Buyers are finding more home for their money in towns and cities close to Interstate 89 like Fairfax, St. Albans and Swanton– while vacation home purchases are driving median price increases in towns in the northeast part of the county.
While 6 properties sold this quarter compared to 7 during the 1st quarter of 2017, new properties coming on the market are generating multiple showings. With a small number of sales, the “days on the market” (from list to close) fluctuates wildly year over year. 5 of the 6 properties sold so far this year are lakefront properties from Grand Isle down to Ferrisburgh.
* The Luxury market is defined as properties selling for $850,000 & above.
The multi-family market showed a healthy increase in the median price sold and a big jump in the average price sold – driven largely by some high priced sales in Chittenden County.
With 24 closed transactions in Chittenden County during the 1st quarter and only 53 properties available during that time, the market remains competitive for investors. Although the days on the market from list to close increased over the same period last year, this still represents only 3.5 months on the market for closed properties- indicative of a typical “seller’s market”. Newer apartment complexes coming online have eased the historically low vacancy rate in the greater Burlington area a bit, however there is still strong demand from renters.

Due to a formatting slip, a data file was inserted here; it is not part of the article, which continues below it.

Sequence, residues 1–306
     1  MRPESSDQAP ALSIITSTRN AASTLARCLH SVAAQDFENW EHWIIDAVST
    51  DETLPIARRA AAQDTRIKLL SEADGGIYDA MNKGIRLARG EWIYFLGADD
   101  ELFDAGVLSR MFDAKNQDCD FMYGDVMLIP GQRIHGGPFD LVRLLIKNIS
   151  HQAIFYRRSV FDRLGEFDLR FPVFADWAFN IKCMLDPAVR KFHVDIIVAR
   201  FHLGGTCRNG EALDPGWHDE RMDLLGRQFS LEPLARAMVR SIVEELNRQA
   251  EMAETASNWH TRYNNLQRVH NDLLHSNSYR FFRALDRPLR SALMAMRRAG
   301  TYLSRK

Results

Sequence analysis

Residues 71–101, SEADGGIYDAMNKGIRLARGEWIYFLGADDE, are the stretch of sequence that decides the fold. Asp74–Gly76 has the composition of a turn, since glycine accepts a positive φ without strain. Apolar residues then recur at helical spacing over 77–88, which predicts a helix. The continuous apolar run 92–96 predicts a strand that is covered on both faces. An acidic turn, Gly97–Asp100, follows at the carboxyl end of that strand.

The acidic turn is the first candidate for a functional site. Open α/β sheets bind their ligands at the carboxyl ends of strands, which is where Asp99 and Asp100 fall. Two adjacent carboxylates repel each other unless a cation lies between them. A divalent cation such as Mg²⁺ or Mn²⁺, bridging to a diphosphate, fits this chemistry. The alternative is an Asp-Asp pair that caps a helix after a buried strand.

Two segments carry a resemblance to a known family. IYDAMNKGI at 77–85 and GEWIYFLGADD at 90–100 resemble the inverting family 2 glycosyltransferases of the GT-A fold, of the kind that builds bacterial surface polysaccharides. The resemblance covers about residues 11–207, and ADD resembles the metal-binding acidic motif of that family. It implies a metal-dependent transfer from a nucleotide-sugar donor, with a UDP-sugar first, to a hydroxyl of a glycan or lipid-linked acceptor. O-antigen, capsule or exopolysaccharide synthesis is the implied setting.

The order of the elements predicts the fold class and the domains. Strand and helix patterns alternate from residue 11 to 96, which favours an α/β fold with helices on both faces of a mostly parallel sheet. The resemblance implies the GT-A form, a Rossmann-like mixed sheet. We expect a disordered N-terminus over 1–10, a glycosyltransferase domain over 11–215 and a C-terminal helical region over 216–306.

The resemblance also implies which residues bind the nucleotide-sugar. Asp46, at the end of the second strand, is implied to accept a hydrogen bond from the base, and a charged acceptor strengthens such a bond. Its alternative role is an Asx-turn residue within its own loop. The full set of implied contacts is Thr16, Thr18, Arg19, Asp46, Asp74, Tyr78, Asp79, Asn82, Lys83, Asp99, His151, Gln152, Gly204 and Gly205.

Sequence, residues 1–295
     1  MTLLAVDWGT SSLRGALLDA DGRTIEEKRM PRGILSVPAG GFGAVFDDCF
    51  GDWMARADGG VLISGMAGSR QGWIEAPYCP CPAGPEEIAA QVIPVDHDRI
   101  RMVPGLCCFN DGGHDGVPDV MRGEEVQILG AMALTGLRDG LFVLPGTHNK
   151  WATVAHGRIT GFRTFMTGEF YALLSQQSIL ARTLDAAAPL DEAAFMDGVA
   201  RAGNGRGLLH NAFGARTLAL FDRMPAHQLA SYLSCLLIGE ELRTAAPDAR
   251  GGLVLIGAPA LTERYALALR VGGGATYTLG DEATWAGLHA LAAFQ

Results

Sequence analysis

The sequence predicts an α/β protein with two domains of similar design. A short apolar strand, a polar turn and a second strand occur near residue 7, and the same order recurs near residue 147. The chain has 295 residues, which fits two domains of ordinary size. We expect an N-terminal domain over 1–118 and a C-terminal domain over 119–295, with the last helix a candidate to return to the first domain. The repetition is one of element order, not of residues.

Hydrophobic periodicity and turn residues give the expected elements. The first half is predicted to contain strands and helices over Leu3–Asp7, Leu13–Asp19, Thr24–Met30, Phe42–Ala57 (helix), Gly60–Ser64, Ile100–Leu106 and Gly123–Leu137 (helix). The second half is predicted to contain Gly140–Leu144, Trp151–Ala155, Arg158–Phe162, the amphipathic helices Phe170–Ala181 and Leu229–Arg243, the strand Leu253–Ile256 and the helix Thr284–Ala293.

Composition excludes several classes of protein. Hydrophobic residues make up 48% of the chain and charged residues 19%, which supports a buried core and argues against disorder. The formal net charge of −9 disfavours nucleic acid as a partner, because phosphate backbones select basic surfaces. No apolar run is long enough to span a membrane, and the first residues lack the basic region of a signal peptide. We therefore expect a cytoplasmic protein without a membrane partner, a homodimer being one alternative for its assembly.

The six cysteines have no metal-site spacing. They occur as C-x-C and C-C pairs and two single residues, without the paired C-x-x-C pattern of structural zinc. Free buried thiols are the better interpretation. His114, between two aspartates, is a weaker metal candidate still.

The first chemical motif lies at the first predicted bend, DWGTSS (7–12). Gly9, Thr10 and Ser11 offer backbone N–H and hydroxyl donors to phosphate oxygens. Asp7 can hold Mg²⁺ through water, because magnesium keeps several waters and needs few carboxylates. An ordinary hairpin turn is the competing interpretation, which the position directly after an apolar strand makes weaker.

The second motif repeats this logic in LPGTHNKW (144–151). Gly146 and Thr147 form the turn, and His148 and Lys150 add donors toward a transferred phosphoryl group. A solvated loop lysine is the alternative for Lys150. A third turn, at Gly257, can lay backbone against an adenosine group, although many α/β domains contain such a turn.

The number of sales for land has increased across Addison and Franklin Counties, where the median price of land is more affordable than nearby Chittenden County.
Still, as the availability of single family homes for sale across northwest VT continues at historic lows, buyers are turning toward land purchases in order to build their home. Permitting, development and building costs can contribute to higher than average prices for the home when complete – however buyers benefit from new, energy-efficient and in some cases, custom selections for their home. Developers looking for land in key locations have also contributed to some of increases.
If there is comfort in consistency, then rest easy about the real estate market. While other sectors of the U.S. economy have been erratic for the last few years, the real estate market has remained steady since 2015, and that is still the picture in northwestern Vermont.